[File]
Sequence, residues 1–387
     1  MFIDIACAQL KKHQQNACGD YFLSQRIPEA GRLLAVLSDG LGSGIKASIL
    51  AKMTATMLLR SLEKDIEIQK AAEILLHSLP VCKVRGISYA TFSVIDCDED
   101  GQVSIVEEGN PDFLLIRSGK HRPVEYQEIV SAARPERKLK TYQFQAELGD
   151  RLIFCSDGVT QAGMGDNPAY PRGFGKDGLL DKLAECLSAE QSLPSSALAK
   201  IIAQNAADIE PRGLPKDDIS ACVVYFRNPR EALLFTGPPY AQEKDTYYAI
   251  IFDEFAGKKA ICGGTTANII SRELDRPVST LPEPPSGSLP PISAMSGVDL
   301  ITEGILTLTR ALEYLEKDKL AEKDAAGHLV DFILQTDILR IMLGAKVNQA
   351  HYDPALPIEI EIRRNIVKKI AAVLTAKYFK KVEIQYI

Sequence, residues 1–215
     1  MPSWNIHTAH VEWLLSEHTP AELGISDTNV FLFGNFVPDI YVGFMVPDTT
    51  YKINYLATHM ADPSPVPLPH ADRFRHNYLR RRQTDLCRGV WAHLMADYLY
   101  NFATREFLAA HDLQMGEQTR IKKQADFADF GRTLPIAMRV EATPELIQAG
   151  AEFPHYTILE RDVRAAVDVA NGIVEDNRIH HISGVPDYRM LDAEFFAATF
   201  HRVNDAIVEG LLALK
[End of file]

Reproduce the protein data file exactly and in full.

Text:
Sequence, residues 1–387
     1  MFIDIACAQL KKHQQNACGD YFLSQRIPEA GRLLAVLSDG LGSGIKASIL
    51  AKMTATMLLR SLEKDIEIQK AAEILLHSLP VCKVRGISYA TFSVIDCDED
   101  GQVSIVEEGN PDFLLIRSGK HRPVEYQEIV SAARPERKLK TYQFQAELGD
   151  RLIFCSDGVT QAGMGDNPAY PRGFGKDGLL DKLAECLSAE QSLPSSALAK
   201  IIAQNAADIE PRGLPKDDIS ACVVYFRNPR EALLFTGPPY AQEKDTYYAI
   251  IFDEFAGKKA ICGGTTANII SRELDRPVST LPEPPSGSLP PISAMSGVDL
   301  ITEGILTLTR ALEYLEKDKL AEKDAAGHLV DFILQTDILR IMLGAKVNQA
   351  HYDPALPIEI EIRRNIVKKI AAVLTAKYFK KVEIQYI

Sequence, residues 1–215
     1  MPSWNIHTAH VEWLLSEHTP AELGISDTNV FLFGNFVPDI YVGFMVPDTT
    51  YKINYLATHM ADPSPVPLPH ADRFRHNYLR RRQTDLCRGV WAHLMADYLY
   101  NFATREFLAA HDLQMGEQTR IKKQADFADF GRTLPIAMRV EATPELIQAG
   151  AEFPHYTILE RDVRAAVDVA NGIVEDNRIH HISGVPDYRM LDAEFFAATF
   201  HRVNDAIVEG LLALK